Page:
That was William Blake’s opinion, and this month I’ve been involved in two events which have led me to reflect on the impact our environment has on us and on how we behave.

Firstly, there was MOVE 2019, held in the UK for the first time, where I was a speaker on the panel (right) discussing The Future of Fleets. This two-day conference drew together an incredibly forward-thinking, international audience at ExCel, London, to explore new mobility solutions including the new, hot topic of ‘micro-mobility’. The atmosphere in this ultra-modern venue was pretty stratospheric!

The very next day I found myself in a totally different environment, the beautiful Victorian building which is the home of the Royal Automobile Club, where I and a handful of mobility experts had been invited to discuss how cities should prepare for the arrival of electric and autonomous vehicles.

Whilst the physical distance between these two venues is barely five miles, the cultural distance spanned several decades! The moment you walk into the RAC you’re surrounded by images and artefacts which date back hundreds of years. Everything around you celebrates history and reminds you of where we’ve come from, rather than where we’re going.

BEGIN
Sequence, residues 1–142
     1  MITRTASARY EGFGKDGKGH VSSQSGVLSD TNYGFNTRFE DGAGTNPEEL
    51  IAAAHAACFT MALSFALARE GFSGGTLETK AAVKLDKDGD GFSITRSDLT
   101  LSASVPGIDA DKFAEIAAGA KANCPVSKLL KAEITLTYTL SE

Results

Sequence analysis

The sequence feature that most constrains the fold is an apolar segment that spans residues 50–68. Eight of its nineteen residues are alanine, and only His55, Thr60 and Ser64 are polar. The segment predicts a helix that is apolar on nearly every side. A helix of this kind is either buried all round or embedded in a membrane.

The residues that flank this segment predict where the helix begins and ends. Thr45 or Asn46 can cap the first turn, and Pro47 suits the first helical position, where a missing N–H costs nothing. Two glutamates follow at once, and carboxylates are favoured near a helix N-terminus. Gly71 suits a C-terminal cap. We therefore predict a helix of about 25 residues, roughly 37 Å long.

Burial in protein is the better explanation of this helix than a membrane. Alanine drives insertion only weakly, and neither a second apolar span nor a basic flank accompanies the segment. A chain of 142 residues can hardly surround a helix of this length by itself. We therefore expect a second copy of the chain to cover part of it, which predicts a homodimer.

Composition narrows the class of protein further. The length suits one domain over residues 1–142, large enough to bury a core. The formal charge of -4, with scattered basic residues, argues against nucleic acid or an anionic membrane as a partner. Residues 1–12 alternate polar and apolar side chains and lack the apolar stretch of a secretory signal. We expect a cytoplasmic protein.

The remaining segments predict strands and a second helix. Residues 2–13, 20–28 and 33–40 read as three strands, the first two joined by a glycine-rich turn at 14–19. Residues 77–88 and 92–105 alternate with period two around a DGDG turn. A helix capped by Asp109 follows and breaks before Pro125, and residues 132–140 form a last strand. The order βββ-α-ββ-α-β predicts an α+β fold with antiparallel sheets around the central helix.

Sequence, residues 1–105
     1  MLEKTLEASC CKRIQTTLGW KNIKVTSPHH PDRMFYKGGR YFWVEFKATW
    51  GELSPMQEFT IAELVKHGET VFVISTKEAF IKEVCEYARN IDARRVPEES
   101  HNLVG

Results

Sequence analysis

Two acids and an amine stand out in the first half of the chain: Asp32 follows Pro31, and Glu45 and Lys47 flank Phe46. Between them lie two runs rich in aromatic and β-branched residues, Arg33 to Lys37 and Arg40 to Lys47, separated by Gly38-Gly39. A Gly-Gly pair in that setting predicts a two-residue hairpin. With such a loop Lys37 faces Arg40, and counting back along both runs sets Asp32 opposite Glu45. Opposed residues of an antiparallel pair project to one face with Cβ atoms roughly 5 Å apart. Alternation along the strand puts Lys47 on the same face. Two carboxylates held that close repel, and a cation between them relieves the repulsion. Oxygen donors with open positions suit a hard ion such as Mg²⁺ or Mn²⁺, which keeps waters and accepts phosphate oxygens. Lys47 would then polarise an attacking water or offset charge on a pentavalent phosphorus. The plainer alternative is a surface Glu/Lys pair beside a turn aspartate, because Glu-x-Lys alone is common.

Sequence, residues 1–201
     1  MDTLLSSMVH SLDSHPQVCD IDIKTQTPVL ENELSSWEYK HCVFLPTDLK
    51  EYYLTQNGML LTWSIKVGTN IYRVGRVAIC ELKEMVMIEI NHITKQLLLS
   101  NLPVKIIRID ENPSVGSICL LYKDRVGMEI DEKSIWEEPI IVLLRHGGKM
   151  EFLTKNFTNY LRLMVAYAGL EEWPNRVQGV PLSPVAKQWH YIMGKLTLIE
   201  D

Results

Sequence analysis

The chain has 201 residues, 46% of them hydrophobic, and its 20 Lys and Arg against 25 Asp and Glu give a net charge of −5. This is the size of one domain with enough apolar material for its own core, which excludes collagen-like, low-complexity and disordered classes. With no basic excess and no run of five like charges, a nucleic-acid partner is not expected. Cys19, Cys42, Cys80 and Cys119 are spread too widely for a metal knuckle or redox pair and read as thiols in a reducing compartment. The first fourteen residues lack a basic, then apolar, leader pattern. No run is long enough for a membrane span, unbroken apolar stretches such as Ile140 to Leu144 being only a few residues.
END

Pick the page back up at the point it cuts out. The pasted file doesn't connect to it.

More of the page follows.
Whilst a healthy dose of respect for history is essential (not least to avoid repeating it) I couldn’t help noticing how different the conversations were between these two locations, and how much they reflected the surroundings. At MOVE19, the vast modern building had eScooters whizzing around and t-shirt-clad start-up founders chatting about next-generation services: clearly, we were surrounded by ‘the future’. In stark contrast, the conversation at the RAC seemed to focus more on the short term, on taking small steps to introduce tried and tested technologies.

Perhaps William Blake’s adage “We become what we behold” still carries some weight today. Maybe seeing new technology in action opens the mind to new opportunities, starts new conversations and leads to new solutions, albeit some perhaps too crazy to stand the test of time? Equally, maybe being surrounded by history anchors us too strongly to what has happened in the past and, therefore, restricts our thinking and results in conservative steps?

Maybe it’s a generational thing but I fear that our wonderful historic buildings, with all their splendour, charm and elegance, are not the best places to talk about planning for the future. When organising such gatherings, we have to take into consideration how delegates will react to their surroundings, and how stimulated they will be for the forthcoming discussions, as well as how impressed they may be by the historical context.